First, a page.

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St. Vincent Government Claims Victory In Legal Tussle Over Beachfront Property

Dr. Ralph Gonsalves, Prime Minister of St. Vincent and the Grenadines.

St. Vincent Government Claims Victory In Legal Tussle Over Beachfront Property

KINGSTOWN, St. Vincent CMC – Prime Minister Dr. Ralph Gonsalves has described as “a nationalist victory” the outcome of a longstanding legal battle that will result in 100 acres of beachfront land in Union Island in the Southern Grenadines returned to the State.

The London-based Privy Council has ordered that the government pay before January 25, next year, US$244,968.87, to the Chatham Bay Club Ltd. and Chatham Bay Corp over the sale of the land purchased from the State in 1987.

The ruling by the Privy Council, the island’s highest and final court, came after both parties agreed to a settlement that allowed for the companies to withdraw its appeal.

Gonsalves, who is also Minister of Legal Affairs, in announcing the ruling at a press conference on Monday, said that the lands have been forfeited to the people of St. Vincent and the Grenadines by operation of the Alien Land Holdings Act and judgment of the High Court, the Court of Appeal, and the Privy Council’s consent order.

“This is a case that involves the reclamation of our patrimony,” he said.

The companies bought the lands in 1987, under Sir James Mitchell’s New Democratic Party (NDP) administration.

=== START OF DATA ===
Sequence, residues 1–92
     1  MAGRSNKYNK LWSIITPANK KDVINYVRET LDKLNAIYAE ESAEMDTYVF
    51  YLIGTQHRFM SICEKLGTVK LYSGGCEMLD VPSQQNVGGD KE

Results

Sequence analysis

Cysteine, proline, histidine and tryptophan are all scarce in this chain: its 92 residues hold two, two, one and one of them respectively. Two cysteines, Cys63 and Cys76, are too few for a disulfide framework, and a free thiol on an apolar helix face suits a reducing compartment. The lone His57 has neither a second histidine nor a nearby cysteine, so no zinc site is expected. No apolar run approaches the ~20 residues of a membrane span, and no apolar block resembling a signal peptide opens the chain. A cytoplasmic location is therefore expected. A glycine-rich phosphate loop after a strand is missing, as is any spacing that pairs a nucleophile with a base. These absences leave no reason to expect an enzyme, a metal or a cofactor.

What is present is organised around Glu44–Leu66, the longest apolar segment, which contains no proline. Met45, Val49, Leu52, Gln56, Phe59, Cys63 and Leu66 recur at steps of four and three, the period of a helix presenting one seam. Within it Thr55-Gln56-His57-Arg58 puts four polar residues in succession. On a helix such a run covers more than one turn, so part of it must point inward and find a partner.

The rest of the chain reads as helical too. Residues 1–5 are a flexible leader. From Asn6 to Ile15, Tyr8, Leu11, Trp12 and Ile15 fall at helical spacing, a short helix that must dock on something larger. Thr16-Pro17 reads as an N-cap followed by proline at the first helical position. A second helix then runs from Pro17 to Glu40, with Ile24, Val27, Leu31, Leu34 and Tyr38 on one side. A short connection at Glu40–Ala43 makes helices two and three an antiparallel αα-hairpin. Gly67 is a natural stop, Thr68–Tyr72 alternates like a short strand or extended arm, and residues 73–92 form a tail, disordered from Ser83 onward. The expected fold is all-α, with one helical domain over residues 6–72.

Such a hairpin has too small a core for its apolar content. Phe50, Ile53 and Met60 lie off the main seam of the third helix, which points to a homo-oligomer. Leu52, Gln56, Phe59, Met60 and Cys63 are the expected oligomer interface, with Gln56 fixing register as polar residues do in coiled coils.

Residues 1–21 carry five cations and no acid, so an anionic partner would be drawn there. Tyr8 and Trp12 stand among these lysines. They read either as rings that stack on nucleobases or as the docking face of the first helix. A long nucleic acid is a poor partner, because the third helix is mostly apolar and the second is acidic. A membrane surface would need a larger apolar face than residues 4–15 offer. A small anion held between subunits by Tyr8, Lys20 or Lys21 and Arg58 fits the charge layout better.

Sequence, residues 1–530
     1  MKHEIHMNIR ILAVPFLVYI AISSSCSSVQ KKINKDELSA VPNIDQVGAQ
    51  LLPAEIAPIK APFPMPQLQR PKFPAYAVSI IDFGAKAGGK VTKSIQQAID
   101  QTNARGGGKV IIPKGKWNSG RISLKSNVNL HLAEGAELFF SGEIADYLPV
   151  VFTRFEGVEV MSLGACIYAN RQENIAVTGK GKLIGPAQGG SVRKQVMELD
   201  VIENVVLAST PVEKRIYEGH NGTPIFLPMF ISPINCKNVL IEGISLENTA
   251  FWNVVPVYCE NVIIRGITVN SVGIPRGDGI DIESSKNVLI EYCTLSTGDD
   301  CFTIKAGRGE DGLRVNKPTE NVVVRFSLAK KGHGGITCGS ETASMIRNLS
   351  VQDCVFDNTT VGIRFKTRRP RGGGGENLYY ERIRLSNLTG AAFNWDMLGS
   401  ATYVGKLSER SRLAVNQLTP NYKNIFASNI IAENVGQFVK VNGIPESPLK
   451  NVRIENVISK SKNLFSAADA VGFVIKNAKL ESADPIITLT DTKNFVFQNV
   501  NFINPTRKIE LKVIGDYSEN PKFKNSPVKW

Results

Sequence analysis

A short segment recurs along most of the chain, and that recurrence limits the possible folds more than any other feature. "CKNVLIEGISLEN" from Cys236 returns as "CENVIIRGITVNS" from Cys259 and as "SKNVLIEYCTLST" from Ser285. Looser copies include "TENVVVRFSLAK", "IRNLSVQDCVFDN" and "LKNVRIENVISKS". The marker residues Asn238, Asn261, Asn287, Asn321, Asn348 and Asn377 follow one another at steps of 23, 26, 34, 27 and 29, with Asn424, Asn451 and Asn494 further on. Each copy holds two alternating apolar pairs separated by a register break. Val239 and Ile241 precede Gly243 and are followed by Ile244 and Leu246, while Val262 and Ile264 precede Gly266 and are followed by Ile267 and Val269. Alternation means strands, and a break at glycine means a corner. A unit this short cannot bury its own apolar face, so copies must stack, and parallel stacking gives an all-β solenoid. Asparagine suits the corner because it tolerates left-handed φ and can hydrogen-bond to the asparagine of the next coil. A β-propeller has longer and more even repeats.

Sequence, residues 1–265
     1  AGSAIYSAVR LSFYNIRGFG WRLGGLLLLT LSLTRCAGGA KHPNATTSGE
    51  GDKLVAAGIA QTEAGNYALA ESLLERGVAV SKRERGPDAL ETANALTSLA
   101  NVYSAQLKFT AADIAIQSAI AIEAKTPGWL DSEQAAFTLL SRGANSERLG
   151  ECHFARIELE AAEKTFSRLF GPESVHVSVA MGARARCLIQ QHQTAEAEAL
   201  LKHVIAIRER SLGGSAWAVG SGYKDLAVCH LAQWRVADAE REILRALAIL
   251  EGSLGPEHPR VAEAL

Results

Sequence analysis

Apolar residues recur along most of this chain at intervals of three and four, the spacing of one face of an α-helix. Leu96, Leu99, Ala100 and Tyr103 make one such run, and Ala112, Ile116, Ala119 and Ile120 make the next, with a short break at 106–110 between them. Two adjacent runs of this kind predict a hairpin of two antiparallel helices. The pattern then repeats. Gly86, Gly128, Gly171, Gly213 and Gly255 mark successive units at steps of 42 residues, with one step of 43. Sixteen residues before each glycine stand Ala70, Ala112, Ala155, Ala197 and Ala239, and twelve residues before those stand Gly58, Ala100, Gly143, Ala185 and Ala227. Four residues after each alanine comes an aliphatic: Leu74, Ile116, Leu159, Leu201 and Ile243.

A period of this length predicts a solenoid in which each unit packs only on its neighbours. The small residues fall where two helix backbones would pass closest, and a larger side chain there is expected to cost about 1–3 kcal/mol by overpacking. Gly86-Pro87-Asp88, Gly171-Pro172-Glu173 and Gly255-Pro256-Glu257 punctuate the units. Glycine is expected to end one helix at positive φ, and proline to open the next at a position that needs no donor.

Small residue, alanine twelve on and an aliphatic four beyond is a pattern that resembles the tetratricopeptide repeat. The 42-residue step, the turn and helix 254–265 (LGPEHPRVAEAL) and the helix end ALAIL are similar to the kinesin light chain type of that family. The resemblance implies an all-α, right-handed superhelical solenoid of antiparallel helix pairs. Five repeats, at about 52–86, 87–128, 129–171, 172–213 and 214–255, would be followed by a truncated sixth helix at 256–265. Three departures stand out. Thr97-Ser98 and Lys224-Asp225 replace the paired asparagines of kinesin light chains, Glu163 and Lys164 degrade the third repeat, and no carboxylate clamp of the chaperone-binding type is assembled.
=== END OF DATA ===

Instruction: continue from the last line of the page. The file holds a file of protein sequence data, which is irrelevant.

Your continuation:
The US-owned companies received an Alien Land Holding License from the government on condition that they spend EC$15 million (One EC dollar = US$0.37 cents) to build a 50 room hotel  and a restaurant, within three years.

Gonsalves said that the EC$15 million that was to be invested in the hotel was “not a great deal of money as far as hotel infrastructure is concerned”.

Gonsalves’ whose government came to office in March 2001, applied for forfeiture in 2006, because of the failure of the company to carry out the terms of the agreement, he said.

He said that from the beginning, his government had intimated to former attorney general, Parnell R. Campbell, the lawyers for the company, that his administration would pay the companies the money spent on the land, plus interest, telling reporters that is what eventually happened at the end of the legal battle.

“They went through the whole legal battle over the years and eventually we settled, and the settlement involved the payment of the EC$477,000 which they paid for the lands, plus interest of five percent annum from January 25th, 2006,” he said.

“And the lands belong to the people of St. Vincent and the Grenadines,” Gonsalves said, adding that the lands have a market value of between EC$80 million and EC$100 million.

“This is a nationalist victory, a massive victory for the people, a reclamation of our patrimony and a clear message that this Government is interested in foreign direct investment, at the same time that the investors must live up to the conditions of the Alien Land Holding License. That is the story very simply,” he said.

Gonsalves pointed out that his Government didn’t have to say, initially, that it would repay money and interest to the two companies.

“But we are a people who are reasonable, and, in any case, we were advised by our lawyers that it was possible for such an order to be made at the Privy Council. In any event, we didn’t want to take the lands for nothing. We didn’t want to forfeit it,” he said, adding that it seemed that the companies couldn’t attract investors.

He said the companies held further discussions with Sir James, who said that his government would not give permission to build a cruise ship facility on beachfront land.

Gonsalves said that Sir James also told the owners of the company, which includes a businessman who is now deceased, that if they were having problems finding investors and were getting impatient, they could return the lands to the Government.

However, Gonsalves said that Sir James did not raise the issue of forfeiture.

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